Pure fiction, is what French media watchdog Philippe Karsenty called the ostensible news film aired eight years ago by a major French television station.
Actually, Karsenty was being kind.
Fiction exists to entertain, perhaps to enlighten. The film footage in question in which a 12-year-old Palestinian boy was depicted as dying from Israeli gunshots was intended purely to deceive.
It was a convincing ruse, to be sure. The footage was heart-wrenching in the way it grittily portrayed the youthful Mohammed al-Dura cowering in fear as his father sought to protect him, alleged Israeli bullets whizzing all around them. Finally, the boy appears to be struck, then slumps apparently dead in his fathers arms.
Hollywood couldnt have done it any better.
A French appeals court last week reviewing France 2 TVs libel lawsuit judgment against Karsenty agreed. It reversed a 2000 ruling which found Karsenty guilty of libel for calling into question the authenticity of the al-Dura video, and nullified some $7,000 in fines that had been leveled against him. A series of discoveries since the film was aired led to the refreshing ruling in the French court. Slowly but surely, evidence mounted that the seemingly traumatic footage was nothing more than a well-planned hoax.
After Israeli investigations revealed that there was no way that Israeli bullets could have struck al-Dura during the intifada-related fighting at Netzarim Junction in the Gaza, other evidence began to surface.
It has since been discovered, for example, that the film was not actually shot by France 2s reporter, Charles Enderlin, but was given to the station by Palestinians.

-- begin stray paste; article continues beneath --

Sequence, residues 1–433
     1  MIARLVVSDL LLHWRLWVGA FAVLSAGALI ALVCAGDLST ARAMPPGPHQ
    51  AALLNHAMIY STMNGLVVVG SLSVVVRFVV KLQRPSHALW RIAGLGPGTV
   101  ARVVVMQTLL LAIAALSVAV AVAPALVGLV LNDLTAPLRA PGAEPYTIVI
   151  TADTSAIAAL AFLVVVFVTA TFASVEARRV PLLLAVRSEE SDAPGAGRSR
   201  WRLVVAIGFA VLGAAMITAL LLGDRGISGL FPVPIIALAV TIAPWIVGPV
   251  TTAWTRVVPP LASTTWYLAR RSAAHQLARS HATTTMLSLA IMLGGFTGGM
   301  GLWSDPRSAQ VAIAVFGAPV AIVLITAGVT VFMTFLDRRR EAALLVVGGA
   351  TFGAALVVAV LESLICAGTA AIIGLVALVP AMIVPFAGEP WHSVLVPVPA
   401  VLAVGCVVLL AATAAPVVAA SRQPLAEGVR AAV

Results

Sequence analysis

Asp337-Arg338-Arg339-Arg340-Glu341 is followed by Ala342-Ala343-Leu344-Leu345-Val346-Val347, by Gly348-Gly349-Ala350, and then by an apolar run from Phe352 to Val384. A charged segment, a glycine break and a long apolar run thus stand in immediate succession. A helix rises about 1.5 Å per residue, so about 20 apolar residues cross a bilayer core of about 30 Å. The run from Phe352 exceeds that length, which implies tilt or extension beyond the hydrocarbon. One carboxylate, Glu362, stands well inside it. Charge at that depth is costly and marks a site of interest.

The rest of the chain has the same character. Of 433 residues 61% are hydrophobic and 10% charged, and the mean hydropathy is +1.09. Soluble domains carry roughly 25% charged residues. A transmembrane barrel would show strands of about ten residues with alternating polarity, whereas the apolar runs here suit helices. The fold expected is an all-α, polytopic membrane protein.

Other footage shot in the same area on the same day clearly showed Palestinians, apparently grievously injured, later emerging from ambulances with smiles and laughter.
Additional film footage has since appeared footage which never hit the airwaves in France or anywhere else until now which showed al-Dura lifting his head from his fathers lap and opening his eyes. France 2 did everything in its power to prevent that few moments of footage from being publicly seen.
Which is not surprising, of course, since that footage and the entire pathetic situation makes France 2 look like unwitting dupes at best and complicit propagandists at worst.
Our concern, obviously, is not for the reputation of a French television station, but for Israel, whose good name was internationally savaged by the video. The al-Dura clip, with its cleverly construed plot line an innocent youth slain by the brutal Israelis, a terrified father unable to save his son from such a terrible and unjust fate did more damage to Israel than a years worth inflammatory denunciations by politicians or activists.
Last weeks ruling in France provides vindication, at least for the abstract concept of truth, and perhaps for Karsenty, but much of the damage done to Israel is probably irreversible. A good many of those who saw the video, or the stills taken from it which were published before an even wider audience, came to conclusions about Israel that may never be reversed.
In that sense, the liars were victorious in spite of everything. The cursed specter of Josef Goebbels who preached the idiom that if a lie were repeated often enough it would eventually come to be believed must be smiling.
Postscript: We really hope that subsequent investigations into the al-Dura matter reveal that the boy who by now would be a young man is, after all, safe and sound, and that the manipulation of his image by professional swindlers hasnt blinded him to the difference between truth and falsity.